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The Traveling Sedge

Before the social network site took over the word, "twitter" used to mean to flutter nervously, and it described the action of the travelling sedge; the ‘walk on water’ caddis.

- This October Caddis is in the same family as most of the traveling sedges.  (photo:  www.troutnut.com)

As far as most fly fishing amateur entomologists are concerned, caddis and sedge are one and the same. Yet without splitting too fine of a hair, sedge is normally reserved for a few special caddis, none more special than the traveling sedge. While the term ‘traveling sedge’ covers a few different hatches, that is a hair we’ll leave unsplit for now.

What the traveling sedge does is run across the water when emerging; the most famous of these emerge on the lakes of British Columbia. But that same species (or a close enough relative) lives in many lakes across the Northern US and Canada.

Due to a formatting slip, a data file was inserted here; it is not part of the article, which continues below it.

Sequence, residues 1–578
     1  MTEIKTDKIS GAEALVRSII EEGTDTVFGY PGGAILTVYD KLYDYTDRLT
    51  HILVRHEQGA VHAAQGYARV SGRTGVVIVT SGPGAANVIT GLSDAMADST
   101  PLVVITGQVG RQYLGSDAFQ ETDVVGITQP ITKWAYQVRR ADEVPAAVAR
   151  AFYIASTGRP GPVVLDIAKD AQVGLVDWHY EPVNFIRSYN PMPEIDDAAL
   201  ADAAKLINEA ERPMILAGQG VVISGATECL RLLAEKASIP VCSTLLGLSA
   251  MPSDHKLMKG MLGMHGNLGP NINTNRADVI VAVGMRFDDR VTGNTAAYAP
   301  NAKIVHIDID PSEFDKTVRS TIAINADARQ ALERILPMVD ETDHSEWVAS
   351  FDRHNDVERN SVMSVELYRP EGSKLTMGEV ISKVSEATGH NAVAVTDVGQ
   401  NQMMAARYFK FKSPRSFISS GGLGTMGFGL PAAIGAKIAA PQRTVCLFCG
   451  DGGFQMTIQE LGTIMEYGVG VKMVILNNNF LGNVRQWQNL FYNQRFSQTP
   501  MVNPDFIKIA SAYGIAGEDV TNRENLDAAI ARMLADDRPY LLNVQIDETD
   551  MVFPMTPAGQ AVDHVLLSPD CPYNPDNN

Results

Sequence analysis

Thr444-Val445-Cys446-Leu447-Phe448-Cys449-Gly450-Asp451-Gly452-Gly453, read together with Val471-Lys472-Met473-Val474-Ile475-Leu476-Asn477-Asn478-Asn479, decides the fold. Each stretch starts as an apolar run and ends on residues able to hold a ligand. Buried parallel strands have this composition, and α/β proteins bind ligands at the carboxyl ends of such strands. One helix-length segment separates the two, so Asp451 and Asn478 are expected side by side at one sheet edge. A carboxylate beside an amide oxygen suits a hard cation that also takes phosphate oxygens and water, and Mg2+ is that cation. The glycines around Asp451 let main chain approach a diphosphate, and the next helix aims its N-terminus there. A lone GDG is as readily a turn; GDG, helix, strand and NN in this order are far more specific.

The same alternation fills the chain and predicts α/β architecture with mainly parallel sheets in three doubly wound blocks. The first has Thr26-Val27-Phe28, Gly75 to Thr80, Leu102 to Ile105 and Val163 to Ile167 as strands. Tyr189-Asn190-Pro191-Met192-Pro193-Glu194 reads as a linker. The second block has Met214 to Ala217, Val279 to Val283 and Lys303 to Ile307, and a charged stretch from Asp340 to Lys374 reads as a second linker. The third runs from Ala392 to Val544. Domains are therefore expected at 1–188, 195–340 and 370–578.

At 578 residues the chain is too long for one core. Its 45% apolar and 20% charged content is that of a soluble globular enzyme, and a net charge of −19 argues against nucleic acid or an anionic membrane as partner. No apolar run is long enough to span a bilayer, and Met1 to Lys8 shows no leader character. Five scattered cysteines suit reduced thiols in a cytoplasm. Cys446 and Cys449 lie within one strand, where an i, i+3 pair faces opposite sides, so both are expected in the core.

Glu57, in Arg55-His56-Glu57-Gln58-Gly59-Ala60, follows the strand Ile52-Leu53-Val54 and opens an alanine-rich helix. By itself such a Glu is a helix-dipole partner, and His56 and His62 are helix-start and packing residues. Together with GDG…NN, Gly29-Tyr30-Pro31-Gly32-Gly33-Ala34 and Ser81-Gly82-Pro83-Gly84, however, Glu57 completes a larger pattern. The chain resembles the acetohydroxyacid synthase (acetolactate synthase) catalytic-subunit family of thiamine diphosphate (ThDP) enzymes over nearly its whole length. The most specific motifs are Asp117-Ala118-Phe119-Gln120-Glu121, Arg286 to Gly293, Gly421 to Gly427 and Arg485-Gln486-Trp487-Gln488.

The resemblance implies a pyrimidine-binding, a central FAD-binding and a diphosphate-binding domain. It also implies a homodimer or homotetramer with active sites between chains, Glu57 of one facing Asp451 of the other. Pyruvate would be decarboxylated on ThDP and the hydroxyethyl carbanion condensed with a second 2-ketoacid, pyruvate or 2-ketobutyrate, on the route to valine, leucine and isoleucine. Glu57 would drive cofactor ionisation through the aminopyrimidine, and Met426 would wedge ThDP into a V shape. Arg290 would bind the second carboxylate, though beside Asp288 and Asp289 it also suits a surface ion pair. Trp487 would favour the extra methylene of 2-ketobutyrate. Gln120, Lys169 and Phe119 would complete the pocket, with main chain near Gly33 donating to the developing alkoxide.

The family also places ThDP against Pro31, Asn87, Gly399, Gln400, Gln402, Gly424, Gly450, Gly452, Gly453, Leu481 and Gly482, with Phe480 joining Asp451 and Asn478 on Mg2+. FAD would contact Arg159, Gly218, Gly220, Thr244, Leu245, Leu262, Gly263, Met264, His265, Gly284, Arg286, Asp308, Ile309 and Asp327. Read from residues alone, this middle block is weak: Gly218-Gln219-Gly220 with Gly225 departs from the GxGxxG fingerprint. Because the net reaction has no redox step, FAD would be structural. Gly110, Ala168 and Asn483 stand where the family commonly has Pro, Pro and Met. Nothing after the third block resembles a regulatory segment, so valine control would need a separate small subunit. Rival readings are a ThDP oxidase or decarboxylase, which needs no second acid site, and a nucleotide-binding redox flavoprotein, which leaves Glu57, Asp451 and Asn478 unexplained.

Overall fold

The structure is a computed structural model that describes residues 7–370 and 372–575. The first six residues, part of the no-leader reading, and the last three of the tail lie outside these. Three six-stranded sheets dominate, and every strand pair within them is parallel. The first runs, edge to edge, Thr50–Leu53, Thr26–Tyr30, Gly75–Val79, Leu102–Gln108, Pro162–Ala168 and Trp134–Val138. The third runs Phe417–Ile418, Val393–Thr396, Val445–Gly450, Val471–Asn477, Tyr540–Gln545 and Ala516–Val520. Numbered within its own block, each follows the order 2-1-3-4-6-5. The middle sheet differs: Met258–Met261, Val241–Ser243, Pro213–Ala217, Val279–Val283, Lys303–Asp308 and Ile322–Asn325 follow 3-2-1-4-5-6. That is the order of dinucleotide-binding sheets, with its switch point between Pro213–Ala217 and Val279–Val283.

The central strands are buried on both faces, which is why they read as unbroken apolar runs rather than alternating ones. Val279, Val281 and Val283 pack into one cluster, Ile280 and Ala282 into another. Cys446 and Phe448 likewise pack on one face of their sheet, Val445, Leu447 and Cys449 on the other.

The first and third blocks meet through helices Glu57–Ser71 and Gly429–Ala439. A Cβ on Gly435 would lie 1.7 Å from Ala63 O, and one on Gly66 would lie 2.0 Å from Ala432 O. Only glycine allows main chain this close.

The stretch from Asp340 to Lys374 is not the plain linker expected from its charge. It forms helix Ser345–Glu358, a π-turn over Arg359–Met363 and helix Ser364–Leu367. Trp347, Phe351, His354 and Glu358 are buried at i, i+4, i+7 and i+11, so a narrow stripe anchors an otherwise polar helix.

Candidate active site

- The Goddard Caddis is a great traveling sedge pattern!  High floating and durable, it will bring those fish to the surface

The rough average of these hatches is Mid-June to Mid-July but can vary up to a month on each side, and run into October in some places. About two weeks before emerging pupae reach the surface they emerge from the substrate and make themselves available for patient, hungry trout. Once the pupae reach the surface, their vulnerability is at its highest.  It can take quite some time to escape it's shuck, and during that pause, many of these caddis fall victim to trout.  But soon, it begins a weird journey towards the shore that makes it look like it is drunkenly running across an ice rink.  When you are in one of these hatches, you will see the bugs moving, and you can start to work on a retrieve that imitates their movements.

- Tom Thumb is the most famous traveling sedge pattern.  Plus it works great after its been chewed up and the deer hair starts to flare out!

While you wait each day for the hatch to start, try to fish pupa patterns until it begins.  You can also try to sink your dry patterns for that matter. Takes are usually vicious, head snapping matters, so make sure your tippet can handle the initial stress and keep your hand light, hard to do in the initial stages of the hatch to be sure!



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